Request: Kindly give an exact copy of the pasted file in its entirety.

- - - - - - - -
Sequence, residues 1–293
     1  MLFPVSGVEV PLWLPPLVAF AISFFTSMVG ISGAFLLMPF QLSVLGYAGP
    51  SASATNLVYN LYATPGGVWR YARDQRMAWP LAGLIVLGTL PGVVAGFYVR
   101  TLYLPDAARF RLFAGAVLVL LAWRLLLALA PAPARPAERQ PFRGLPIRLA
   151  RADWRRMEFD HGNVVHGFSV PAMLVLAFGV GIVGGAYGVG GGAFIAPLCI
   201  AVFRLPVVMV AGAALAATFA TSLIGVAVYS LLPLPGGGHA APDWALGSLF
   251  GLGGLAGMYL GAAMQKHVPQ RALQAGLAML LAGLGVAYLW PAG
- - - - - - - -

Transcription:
Sequence, residues 1–293
     1  MLFPVSGVEV PLWLPPLVAF AISFFTSMVG ISGAFLLMPF QLSVLGYAGP
    51  SASATNLVYN LYATPGGVWR YARDQRMAWP LAGLIVLGTL PGVVAGFYVR
   101  TLYLPDAARF RLFAGAVLVL LAWRLLLALA PAPARPAERQ PFRGLPIRLA
   151  RADWRRMEFD HGNVVHGFSV PAMLVLAFGV GIVGGAYGVG GGAFIAPLCI
   201  AVFRLPVVMV AGAALAATFA TSLIGVAVYS LLPLPGGGHA APDWALGSLF
   251  GLGGLAGMYL GAAMQKHVPQ RALQAGLAML LAGLGVAYLW PAG